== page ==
Thinking It Through

"We have arrived at the stage of history when we must begin thinking about thinking itself. This is something as different from philosophy as it is from psycho-analysis," writes celebrated historian John Lukacs (Five Days in London, May 1940) in At the End of an Age, an extended essay on the problems of history. Continuing the argument he began in earlier books, Lukacs elaborates on his notion that we're at the end of the modern age that began with the Renaissance, and that this period calls for a reconsideration of the idea of objectivity in history and science, two disciplines that create—rather than describe—the world that they seek to understand. (Yale, $22.95 240p ISBN 0-300-09296-2; May 7)

A prominent historian of ancient thought, Pierre Hadot (Philosophy as a Way of Life) revisits the work of Plato, Aristotle, the Hellenistic schools and the philosophical schools of imperial Rome in What Is Ancient Philosophy? He provides an overview of the evolution of ancient thought, focusing particularly on the role of philosophical theory in the lives of the thinkers. Showing how the ancients endeavored to live by their philosophy, Hadot reflects on the rift between theory and practice that came about with the professionalization of philosophy in the Christian era. (Harvard, $29.95 352p ISBN 0-674-00733-6; May 20)

While Freud and C.S. Lewis never actually met, the atheistic theories of the psychoanalyst and well-known unbeliever are pitted against those of the Christian don in The Question of God: C.S. Lewis and Sigmund Freud Debate God, Love, Sex, and the Meaning of Life. Author Armand M. Nicholi Jr. is a Harvard Medical School psychiatry professor who has taught a class on the theological writings of Freud and Lewis for more than 25 years. In this accessible study, he outlines the lives of the two thinkers, both preoccupied with the question of god's existence, and compares how the two approach questions of conscience, happiness, pain and death. (Free Press, $25 304p ISBN 0-7432-0237-6; Apr. 2)

"I had gone from underachieving jock-mod to pocket-sized intellectual in less than a year, and philosophy had to take a lot of the blame," writes Rutgers University philosophy professor Colin McGinn (The Mysterious Flame) in The Making of a Philosopher: My Journey Through Twentieth-Century Philosophy. Hoping to explain contemporary analytical philosophy without having his book "remind the reader of school," McGinn, renowned for his work on consciousness, gives a personal account of his encounters with philosophy, including his discovery of Descartes as a teenager in Blackpool, the revelation of reading Chomsky as a psychology undergraduate and his preoccupation with Wittgenstein while teaching at UCLA. He also discusses the work of mentors and colleagues like Jerry Fodor and Thomas Nagel. (HarperCollins, $25.95 256p ISBN 0-06-019792-7; Apr.)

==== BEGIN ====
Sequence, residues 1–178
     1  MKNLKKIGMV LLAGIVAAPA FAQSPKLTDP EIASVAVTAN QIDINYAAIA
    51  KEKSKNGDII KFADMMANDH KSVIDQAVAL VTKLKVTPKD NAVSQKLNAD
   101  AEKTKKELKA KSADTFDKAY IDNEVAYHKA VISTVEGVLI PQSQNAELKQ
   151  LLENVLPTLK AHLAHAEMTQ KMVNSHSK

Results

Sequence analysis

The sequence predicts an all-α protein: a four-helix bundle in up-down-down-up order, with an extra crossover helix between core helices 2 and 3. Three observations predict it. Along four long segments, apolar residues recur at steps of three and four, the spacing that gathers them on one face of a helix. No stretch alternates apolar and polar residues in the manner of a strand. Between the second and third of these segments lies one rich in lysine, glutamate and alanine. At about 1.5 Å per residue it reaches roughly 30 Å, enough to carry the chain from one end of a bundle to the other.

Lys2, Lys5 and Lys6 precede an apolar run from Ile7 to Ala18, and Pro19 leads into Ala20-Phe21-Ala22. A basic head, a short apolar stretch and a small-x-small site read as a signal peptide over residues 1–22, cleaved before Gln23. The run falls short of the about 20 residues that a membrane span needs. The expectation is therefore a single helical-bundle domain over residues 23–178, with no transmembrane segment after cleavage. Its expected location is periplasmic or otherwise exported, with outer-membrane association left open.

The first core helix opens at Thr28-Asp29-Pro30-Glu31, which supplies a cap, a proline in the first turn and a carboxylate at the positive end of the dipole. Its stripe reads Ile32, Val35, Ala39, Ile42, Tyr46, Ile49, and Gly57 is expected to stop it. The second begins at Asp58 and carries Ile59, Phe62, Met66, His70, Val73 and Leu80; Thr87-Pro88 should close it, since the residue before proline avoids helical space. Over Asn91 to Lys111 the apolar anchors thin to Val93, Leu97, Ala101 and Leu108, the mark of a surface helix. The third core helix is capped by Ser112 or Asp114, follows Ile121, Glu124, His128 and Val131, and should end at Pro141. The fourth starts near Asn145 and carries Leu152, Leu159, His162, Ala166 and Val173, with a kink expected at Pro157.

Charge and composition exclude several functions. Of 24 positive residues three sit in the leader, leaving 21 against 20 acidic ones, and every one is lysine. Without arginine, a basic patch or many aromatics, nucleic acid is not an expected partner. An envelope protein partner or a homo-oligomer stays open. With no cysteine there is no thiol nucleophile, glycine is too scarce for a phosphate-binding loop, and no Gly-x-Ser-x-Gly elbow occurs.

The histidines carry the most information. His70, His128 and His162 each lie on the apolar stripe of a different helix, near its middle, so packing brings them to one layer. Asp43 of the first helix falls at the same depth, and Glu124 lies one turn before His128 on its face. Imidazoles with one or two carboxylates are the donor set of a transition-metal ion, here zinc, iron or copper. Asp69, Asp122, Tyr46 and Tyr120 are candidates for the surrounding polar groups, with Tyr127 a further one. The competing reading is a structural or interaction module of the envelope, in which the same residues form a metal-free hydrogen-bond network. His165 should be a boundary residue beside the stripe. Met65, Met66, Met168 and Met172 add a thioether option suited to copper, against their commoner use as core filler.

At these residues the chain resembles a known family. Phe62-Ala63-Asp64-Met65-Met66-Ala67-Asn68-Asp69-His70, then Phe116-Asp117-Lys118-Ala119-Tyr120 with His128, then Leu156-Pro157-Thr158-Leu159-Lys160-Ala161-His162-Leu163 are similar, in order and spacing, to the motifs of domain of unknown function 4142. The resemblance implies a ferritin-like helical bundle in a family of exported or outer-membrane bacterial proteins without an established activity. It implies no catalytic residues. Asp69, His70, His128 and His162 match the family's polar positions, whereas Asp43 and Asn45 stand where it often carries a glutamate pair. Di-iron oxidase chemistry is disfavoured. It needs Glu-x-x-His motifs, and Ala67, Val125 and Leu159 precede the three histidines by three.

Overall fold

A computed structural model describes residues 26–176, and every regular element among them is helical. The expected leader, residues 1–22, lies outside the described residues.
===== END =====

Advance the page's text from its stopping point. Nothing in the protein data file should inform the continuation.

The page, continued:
The use of history by philosophers is the overarching theme in this University of Toronto philosophy professor's collection of essays, Historical Ontology. Ian Hacking (The Social Construction of What?), who also holds the chair of philosophy and history of scientific concepts at the Collège de France, wrote these academic papers, book reviews and articles between 1973 and 1999. Many of them address Michel Foucault's mingling of history and philosophy, particularly in The Order of Things. Hacking also includes pieces on the role of dreams in philosophy, the proofs of Leibniz and Descartes, and a survey of Wittgenstein's work. (Harvard, $39.95 320p ISBN 0-674-00616-X; Apr.)

Make a Change

Novelist Steven Pressfield (The Legend of Bagger Vance; Gates of Fire) goes self-help in The War of Art: Winning the Inner Creative Battle. Dubbing itself a cross between Sun-Tzu's The Art of War and Julie Cameron's The Artist's Way, Pressfield's book aims to help readers "overcome Resistance" so that they may achieve "the unlived life within." Whether one wishes to embark on a diet, a program of spiritual advancement or an entrepreneurial venture, it's most often resistance that blocks the way. To kick resistance, Pressfield stresses loving what one does, having patience and acting in the face of fear. (Rugged Land [Holtzbrinck, dist.], $22.95 224p ISBN 1-59071-003-7; May 21)

Change is unavoidable, say corporate consultants George and Sedena Cappannelli. Yet if one knows how to deal with it properly, change can actually help one find and maintain balance and meaning. In Say Yes to Change: 25 Keys to Winning in Times of Transition, the authors present realistic ways to handle the birth of children, new primary relationships, career changes and more. Eliminate limiting beliefs, they say, and worship spontaneity, act with detachment and stay present. Each of the 25 chapters ends with exercises that will help readers put the Cappannellis' suggestions into action. (F&W/Walking Stick, $21.99 288p ISBN 1-58297-149-8; Apr.)

"Every woman will encounter loss, grief, and profound difficulty. But happiness, achievement, and success are in front of us as well," writes editor Nancy Carson in Believing in Ourselves: A Celebration of Women. Carson introduces 35 North American women who, in various ways, have triumphed over obstacles. Susan Edwards-Bell overcame cancer and is now an advocate for the homeless. Sonia Sotomayor grew up in a Bronx housing project and was the first Latina named to the U.S. Court of Appeals. Mary-Lisa Orth lived on welfare during her struggle to become a top industrial engineer. B&w photographs accompany each profile, making this a likely gift item. 100,000 first printing. (Andrews McMeel, $27.95 144p ISBN 0-7407-2220-4; Mar.)